Human biomonitoring of DNA adducts by ion trap multistage mass spectrometry

Jingshu Guo, Robert J. Turesky

Research output: Contribution to journalArticlepeer-review

8 Scopus citations


Humans are continuously exposed to hazardous chemicals in the environment. These chemicals or their electrophilic metabolites can form adducts with genomic DNA, which can lead to mutations and the initiation of cancer. The identification of DNA adducts is required for understanding exposure and the etiological role of a genotoxic chemical in cancer risk. The analytical chemist is confronted with a great challenge because the levels of DNA adducts generally occur at <1 adduct per 107 nucleotides, and the amount of tissue available for measurement is limited. Ion trap mass spectrometry has emerged as an important technique to screen for DNA adducts because of the high level sensitivity and selectivity, particularly when employing multi-stage scanning (MSn). The product ion spectra provide rich structural information and corroborate the adduct identities even at trace levels in human tissues. Ion trap technology represents a significant advance in measuring DNA adducts in humans.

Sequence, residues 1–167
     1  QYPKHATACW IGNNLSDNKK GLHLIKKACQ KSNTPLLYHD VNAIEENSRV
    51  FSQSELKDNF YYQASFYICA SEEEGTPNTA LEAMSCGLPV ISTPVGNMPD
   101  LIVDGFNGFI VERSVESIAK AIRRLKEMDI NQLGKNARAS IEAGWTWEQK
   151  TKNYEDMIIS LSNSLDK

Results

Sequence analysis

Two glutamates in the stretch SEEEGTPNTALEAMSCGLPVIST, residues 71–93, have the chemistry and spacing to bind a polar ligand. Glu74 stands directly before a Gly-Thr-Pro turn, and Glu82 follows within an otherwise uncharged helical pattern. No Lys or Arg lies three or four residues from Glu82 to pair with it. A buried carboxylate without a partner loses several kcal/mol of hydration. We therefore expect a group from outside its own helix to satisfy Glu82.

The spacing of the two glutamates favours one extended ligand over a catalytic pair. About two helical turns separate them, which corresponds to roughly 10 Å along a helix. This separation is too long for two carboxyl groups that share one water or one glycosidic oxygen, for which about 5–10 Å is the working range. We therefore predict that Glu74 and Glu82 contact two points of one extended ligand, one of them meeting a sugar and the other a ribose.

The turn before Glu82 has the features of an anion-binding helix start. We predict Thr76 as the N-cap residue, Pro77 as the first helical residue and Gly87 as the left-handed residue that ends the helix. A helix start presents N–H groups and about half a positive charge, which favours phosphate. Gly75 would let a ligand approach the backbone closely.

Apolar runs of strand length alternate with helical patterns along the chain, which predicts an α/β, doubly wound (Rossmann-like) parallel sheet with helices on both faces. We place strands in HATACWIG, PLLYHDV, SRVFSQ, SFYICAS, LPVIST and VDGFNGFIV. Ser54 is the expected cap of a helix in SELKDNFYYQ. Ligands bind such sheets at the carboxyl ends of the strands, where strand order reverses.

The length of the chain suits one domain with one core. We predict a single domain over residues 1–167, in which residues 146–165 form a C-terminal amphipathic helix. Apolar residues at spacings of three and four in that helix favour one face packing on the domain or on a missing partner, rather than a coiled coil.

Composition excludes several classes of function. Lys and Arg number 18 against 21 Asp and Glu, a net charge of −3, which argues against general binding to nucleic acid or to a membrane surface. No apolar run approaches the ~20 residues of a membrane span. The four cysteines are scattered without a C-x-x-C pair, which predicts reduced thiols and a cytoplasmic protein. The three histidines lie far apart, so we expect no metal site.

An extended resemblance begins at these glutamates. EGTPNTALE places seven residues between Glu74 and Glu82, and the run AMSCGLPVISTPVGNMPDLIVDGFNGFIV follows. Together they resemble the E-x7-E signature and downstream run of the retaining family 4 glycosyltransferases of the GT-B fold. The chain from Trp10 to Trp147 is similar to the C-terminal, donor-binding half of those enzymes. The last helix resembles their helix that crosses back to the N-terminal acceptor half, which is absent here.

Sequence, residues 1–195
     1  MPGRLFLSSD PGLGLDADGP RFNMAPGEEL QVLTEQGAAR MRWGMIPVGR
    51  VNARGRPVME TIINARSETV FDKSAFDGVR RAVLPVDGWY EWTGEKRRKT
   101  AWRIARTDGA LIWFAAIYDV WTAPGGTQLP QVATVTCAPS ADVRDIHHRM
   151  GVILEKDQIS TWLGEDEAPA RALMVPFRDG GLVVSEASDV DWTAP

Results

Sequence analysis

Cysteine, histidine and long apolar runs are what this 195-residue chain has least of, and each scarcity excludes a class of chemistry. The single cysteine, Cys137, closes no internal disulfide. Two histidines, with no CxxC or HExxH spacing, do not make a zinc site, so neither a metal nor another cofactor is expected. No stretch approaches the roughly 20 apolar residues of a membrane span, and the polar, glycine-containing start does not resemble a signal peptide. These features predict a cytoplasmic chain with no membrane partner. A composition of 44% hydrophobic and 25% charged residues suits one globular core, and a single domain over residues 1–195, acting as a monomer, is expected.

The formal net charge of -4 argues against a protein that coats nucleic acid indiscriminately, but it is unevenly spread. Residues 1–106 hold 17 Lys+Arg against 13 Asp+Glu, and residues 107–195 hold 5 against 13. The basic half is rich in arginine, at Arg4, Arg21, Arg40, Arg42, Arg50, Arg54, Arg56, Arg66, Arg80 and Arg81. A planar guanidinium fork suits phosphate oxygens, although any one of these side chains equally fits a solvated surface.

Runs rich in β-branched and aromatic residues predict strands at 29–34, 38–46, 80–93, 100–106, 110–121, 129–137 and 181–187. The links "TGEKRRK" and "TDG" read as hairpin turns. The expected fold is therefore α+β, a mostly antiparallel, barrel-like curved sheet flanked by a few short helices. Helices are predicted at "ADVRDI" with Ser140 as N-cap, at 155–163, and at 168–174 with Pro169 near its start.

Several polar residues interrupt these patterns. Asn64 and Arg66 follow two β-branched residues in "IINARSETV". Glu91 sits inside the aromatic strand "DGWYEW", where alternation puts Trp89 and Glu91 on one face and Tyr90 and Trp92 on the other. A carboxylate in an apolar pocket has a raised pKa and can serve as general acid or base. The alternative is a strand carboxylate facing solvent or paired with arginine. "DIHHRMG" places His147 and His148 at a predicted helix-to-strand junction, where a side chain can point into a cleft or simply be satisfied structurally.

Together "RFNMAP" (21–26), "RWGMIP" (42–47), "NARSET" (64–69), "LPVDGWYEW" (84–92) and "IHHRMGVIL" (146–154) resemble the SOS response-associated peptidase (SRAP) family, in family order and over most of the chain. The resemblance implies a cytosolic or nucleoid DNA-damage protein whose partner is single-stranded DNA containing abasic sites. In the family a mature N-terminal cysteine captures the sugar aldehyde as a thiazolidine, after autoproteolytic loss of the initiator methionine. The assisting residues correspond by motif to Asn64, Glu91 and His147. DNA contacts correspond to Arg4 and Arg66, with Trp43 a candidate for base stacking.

Original languageEnglish (US)
Pages (from-to)7.24.1-7.24.25
JournalCurrent protocols in nucleic acid chemistry
StatePublished - 2016

Bibliographical note

Publisher Copyright:
© 2016 by John Wiley & Sons, Inc.


  • Biomonitoring
  • DNA adducts
  • Ion trap mass spectrometry


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